Sunday, June 26, 2011

Beauty of Online Education

Well, development of the course is continuing, and what I like the best about this type of delivery method is that it isn't static.

Just the other day, I had the opportunity to tune a piano known as an "Aliquot" strung piano, something I had never heard of or done before. Luckily the name "Aliquot" was inside the piano, and even more luckily I had my smart phone with me and was able to google how to tune a piano strung like this.

It took me to good old Wikipedia, which had a photo that matched exactly what I was seeing, and I was able to proceed to the tuning.

Naturally this is something that I wanted to include in the course that I hadn't previously considered in the original design. What I needed was a short tutorial on tuning pianos like this. Even though this type of stringing is rare, and are proprietary to English piano manufacturer "Bluthner", I thought they should be discussed in my course.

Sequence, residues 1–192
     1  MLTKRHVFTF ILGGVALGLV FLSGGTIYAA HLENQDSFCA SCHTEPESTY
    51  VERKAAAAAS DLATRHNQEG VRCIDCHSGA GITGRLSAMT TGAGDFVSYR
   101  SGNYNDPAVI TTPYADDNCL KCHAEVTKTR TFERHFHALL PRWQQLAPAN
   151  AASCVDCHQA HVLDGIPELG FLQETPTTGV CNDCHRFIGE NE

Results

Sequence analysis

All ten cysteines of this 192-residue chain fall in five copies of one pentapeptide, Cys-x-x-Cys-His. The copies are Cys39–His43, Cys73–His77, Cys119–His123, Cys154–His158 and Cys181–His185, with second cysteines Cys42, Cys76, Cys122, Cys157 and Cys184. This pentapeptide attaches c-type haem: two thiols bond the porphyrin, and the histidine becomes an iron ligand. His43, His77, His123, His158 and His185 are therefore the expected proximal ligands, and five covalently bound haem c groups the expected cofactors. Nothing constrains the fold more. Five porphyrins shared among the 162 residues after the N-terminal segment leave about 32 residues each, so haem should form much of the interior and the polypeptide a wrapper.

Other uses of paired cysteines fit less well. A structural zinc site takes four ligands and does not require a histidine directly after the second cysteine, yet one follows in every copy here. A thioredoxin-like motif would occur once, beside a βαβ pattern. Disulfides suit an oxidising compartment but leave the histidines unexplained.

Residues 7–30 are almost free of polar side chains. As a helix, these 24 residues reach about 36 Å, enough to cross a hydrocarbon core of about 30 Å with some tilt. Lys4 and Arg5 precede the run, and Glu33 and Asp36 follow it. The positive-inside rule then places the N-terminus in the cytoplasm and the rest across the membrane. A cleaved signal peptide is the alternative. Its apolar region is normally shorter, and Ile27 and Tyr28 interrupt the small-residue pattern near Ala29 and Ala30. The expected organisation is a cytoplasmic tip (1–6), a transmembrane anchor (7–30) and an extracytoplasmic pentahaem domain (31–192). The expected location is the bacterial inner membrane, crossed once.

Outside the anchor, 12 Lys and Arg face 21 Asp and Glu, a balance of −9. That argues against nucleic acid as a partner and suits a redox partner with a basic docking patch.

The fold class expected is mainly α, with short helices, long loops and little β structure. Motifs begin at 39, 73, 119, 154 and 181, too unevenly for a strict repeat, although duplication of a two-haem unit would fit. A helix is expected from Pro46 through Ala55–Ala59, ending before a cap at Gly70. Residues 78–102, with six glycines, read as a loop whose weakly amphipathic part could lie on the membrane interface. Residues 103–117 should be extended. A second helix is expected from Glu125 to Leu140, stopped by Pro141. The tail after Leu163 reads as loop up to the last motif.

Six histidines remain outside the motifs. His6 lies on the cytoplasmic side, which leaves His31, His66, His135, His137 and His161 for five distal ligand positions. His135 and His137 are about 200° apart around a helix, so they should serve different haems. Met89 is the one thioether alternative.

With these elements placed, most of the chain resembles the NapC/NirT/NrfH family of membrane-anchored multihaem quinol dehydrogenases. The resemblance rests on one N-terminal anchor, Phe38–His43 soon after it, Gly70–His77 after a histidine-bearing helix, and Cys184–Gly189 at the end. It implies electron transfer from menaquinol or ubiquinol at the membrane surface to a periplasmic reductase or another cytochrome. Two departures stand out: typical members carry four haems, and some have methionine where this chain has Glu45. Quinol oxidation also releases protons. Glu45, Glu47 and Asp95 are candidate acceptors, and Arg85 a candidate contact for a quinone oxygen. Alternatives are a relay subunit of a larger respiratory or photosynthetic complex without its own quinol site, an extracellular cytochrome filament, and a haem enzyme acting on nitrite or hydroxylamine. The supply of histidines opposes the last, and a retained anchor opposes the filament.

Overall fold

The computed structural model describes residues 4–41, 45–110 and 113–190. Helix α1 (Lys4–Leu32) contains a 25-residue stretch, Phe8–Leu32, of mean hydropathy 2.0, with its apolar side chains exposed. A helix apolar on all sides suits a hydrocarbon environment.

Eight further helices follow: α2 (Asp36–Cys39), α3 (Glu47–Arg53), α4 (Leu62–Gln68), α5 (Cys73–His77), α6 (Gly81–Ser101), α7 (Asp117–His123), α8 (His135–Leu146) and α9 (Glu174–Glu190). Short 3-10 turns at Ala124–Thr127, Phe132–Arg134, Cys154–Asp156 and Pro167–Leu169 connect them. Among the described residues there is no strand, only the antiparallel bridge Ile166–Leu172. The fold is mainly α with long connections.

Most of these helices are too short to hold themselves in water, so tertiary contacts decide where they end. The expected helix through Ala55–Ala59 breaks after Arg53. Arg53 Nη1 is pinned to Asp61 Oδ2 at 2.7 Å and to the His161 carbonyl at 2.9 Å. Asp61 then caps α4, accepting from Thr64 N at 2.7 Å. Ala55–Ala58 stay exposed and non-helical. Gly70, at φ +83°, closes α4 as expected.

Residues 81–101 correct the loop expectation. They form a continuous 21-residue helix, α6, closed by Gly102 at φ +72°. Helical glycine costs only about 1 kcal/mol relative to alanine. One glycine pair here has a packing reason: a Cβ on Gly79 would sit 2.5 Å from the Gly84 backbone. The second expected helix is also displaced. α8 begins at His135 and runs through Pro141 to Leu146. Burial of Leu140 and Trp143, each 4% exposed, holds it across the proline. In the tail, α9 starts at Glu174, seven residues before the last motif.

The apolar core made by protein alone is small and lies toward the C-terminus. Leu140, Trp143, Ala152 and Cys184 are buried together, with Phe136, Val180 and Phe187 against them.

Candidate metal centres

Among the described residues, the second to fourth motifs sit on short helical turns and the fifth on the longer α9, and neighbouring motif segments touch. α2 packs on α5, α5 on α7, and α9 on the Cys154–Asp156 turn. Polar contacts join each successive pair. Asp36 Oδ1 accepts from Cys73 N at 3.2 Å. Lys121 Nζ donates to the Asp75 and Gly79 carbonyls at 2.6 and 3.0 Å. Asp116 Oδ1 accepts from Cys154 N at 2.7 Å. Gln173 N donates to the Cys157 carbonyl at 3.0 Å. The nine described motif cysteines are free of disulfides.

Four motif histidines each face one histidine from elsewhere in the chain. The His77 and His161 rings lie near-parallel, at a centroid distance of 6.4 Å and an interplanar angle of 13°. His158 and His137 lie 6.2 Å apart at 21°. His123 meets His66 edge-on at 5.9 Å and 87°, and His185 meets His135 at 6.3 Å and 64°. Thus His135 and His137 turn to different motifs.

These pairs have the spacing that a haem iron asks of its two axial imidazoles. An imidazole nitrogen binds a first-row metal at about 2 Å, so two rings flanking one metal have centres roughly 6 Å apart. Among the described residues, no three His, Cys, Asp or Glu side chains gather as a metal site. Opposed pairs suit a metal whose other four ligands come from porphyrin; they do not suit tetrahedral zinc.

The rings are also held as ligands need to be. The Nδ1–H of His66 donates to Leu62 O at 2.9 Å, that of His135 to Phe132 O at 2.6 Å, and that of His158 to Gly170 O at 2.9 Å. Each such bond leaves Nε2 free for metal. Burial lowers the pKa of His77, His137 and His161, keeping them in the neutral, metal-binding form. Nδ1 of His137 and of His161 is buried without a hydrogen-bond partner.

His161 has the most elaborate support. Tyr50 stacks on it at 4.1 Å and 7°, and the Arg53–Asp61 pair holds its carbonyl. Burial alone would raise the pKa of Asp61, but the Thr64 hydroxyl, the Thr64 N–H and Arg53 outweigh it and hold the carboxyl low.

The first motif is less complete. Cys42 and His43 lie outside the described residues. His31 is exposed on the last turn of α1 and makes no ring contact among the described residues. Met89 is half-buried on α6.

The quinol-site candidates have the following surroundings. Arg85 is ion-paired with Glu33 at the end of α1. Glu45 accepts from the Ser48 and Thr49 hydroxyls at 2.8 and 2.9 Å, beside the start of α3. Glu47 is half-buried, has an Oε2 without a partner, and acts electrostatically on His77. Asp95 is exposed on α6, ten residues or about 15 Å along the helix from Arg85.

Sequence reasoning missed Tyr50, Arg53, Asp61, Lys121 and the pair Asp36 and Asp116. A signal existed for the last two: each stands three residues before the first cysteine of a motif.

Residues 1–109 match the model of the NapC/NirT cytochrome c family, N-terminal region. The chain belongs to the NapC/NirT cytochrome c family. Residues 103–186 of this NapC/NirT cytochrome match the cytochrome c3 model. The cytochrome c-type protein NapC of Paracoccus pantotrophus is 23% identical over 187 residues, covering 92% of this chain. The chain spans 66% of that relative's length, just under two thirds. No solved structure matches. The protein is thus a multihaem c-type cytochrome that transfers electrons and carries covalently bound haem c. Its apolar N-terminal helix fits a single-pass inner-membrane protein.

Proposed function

I reflect on how hard this might have been to include if any other format of delivery had been used. Even though this type of discovery is the first time this has happened, I'm pretty sure it won't be the last. I always marvel, even though I've been doing this type of work for 15 years now, at how much I learn every day about servicing pianos, and how much I look forward to sharing my knowledge with future piano technology students.

Saturday, June 4, 2011

Hard to put into words...

Not that I'm unusually surprised by this, but in an online learning program, like the one I'm developing in piano technology, everything has to be put on paper. Unlike a traditional face to face program, where the discussion can go in a number of directions, and a class leader can start with a set list of topics to cover and let discussions flow if they wish, an online instructional designer must carefully consider what possible direction, or what possible questions a student might have.

So it involves thinking of the bigger picture and presenting it in a clear and concise matter. The finest detail must be considered and presented to the learner. It is definitely easier to think on the fly than it is to write ti all down.

So I predict a few extra grey hairs, but it will be worth it in the end.